It works in people’s personal lives too.

Transformations are big business today. Facelifts, liposuction, botox injections, and a host of cosmetic procedures which all seem to cost a lot of money but are deemed by those who undergo such treatment as well worth it. A new face, a new look, a changed appearance seems to bring joy and happiness to a lot of people

Such transformations are big business because we are very aware of the face we present to the world. And we will alter our face to our advantage if we can.

Sometimes the change is not just in looks but in our whole image — including our name.

Larushka Shikne did not like the image he thought his name projected, so he changed his name to Laurence Harvey. Issur Danielovitch Densky did the same thing and became Kirk Douglas.

In the same way, Frances Gum transfigured herself and her image into Judy Garland. Archibald Leach became Cary Grant.

And would you have paid money to see Marion Morrison in the movies? Maybe, but Marion didn’t take that chance, he became John Wayne.

Remember that in Holy Scriptures many people got new names to go with a new life and a new image. Abram became Abraham. Sarai became Sarah. Jacob became Israel. Saul became Paul. Simon became Peter, “The Rock.”

And – supremely – Jesus on the mountain. The church calls this event the Transfiguration of Christ. Jesus was “transfigured”: the figure, the image, the look that he had, the face that showed to others was changed over. The appearance of his face changed. Jesus had a different look.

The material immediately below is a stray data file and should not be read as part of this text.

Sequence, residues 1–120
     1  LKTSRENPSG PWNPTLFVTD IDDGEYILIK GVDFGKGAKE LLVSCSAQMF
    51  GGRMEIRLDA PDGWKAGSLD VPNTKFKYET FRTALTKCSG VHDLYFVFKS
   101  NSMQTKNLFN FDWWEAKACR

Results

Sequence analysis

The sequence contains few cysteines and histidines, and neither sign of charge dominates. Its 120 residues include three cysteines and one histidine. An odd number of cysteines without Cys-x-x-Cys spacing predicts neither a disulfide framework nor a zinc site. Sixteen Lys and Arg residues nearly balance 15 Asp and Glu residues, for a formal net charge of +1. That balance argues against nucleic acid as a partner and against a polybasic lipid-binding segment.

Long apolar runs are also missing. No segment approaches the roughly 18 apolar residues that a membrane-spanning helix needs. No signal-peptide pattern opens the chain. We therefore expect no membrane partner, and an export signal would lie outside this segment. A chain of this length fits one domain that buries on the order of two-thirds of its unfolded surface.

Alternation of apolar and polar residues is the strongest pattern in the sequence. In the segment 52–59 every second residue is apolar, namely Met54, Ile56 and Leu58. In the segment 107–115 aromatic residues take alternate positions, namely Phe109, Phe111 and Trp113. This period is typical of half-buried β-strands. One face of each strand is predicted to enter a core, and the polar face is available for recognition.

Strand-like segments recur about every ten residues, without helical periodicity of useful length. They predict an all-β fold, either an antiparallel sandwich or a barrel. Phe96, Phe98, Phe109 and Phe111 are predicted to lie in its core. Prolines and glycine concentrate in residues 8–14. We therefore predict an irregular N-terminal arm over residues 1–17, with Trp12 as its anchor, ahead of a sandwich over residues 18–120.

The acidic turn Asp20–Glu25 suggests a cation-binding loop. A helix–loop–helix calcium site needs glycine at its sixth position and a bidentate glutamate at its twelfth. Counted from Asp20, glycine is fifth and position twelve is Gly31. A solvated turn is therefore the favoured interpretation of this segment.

It would be well for us to consider carefully this – admittedly strange – episode in his life.

So often we seem to regard Jesus simply as a good friend, or a clever teacher, or gifted preacher.  There is a temptation to think of him as a good man….a very good man….and that’s as far as it goes.

But in the story of the Transfiguration we see Jesus in a new light: here he is transformed and transfigured and identified as the one true Son of God.

The voice on the mountaintop said, “This is my Son, whom I have chosen – listen to him!”

In this world in which so many whispers try to seduce us and so many voices vie for our attention and obedience, we would do well to listen to the one who is our mighty Redeemer, our Saviour and Lord, the Way, the Truth, and the Life………….

……..and if we did so more intently, we would find our own life changed, transformed for the better, cleansed, and renewed and refashioned………..

……..and we would most certainly, as a result of this amazing makeover, be filled with overwhelming joy and happiness.


BELLINI, Giovanni Transfiguration of Christ Oi...

BELLINI, Giovanni Transfiguration of Christ Oil on wood, 115 x 152 cm Museo Nazionale di Capodimonte, Naples (Photo credit: Wikipedia)